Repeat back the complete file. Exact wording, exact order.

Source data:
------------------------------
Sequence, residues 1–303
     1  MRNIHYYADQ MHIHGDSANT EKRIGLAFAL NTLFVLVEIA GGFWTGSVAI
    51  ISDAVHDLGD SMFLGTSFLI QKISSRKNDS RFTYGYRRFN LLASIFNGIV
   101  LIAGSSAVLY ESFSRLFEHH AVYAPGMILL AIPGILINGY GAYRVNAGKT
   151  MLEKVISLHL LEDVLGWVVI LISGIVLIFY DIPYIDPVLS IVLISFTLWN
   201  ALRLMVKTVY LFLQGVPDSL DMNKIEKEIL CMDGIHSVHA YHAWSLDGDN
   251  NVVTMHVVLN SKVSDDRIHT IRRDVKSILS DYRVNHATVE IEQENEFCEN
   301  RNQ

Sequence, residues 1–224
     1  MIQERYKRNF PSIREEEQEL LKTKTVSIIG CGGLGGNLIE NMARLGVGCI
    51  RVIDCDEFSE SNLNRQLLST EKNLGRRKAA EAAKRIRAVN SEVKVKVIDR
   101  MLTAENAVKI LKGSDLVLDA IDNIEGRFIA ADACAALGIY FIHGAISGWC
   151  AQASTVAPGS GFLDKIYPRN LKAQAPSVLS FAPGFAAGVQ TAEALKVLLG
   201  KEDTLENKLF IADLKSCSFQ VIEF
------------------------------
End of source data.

Sequence, residues 1–303
     1  MRNIHYYADQ MHIHGDSANT EKRIGLAFAL NTLFVLVEIA GGFWTGSVAI
    51  ISDAVHDLGD SMFLGTSFLI QKISSRKNDS RFTYGYRRFN LLASIFNGIV
   101  LIAGSSAVLY ESFSRLFEHH AVYAPGMILL AIPGILINGY GAYRVNAGKT
   151  MLEKVISLHL LEDVLGWVVI LISGIVLIFY DIPYIDPVLS IVLISFTLWN
   201  ALRLMVKTVY LFLQGVPDSL DMNKIEKEIL CMDGIHSVHA YHAWSLDGDN
   251  NVVTMHVVLN SKVSDDRIHT IRRDVKSILS DYRVNHATVE IEQENEFCEN
   301  RNQ

Sequence, residues 1–224
     1  MIQERYKRNF PSIREEEQEL LKTKTVSIIG CGGLGGNLIE NMARLGVGCI
    51  RVIDCDEFSE SNLNRQLLST EKNLGRRKAA EAAKRIRAVN SEVKVKVIDR
   101  MLTAENAVKI LKGSDLVLDA IDNIEGRFIA ADACAALGIY FIHGAISGWC
   151  AQASTVAPGS GFLDKIYPRN LKAQAPSVLS FAPGFAAGVQ TAEALKVLLG
   201  KEDTLENKLF IADLKSCSFQ VIEF